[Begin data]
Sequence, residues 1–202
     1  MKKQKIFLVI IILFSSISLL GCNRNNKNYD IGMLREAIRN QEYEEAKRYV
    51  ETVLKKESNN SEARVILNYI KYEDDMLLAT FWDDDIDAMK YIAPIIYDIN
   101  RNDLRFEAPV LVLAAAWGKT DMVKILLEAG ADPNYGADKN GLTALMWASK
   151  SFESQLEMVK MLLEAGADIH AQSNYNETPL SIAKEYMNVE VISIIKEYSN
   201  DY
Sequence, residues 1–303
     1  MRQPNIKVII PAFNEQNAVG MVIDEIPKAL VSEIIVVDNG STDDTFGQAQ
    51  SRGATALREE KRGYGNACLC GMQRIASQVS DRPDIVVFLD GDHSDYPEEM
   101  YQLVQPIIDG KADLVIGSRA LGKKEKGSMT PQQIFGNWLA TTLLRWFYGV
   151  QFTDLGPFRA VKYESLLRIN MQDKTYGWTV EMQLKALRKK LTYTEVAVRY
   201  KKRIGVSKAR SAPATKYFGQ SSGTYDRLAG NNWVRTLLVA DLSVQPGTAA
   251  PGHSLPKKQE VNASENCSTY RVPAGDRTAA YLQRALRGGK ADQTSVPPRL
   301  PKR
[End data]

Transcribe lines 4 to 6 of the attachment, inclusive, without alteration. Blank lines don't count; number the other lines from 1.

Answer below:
   101  RNDLRFEAPV LVLAAAWGKT DMVKILLEAG ADPNYGADKN GLTALMWASK
   151  SFESQLEMVK MLLEAGADIH AQSNYNETPL SIAKEYMNVE VISIIKEYSN
   201  DY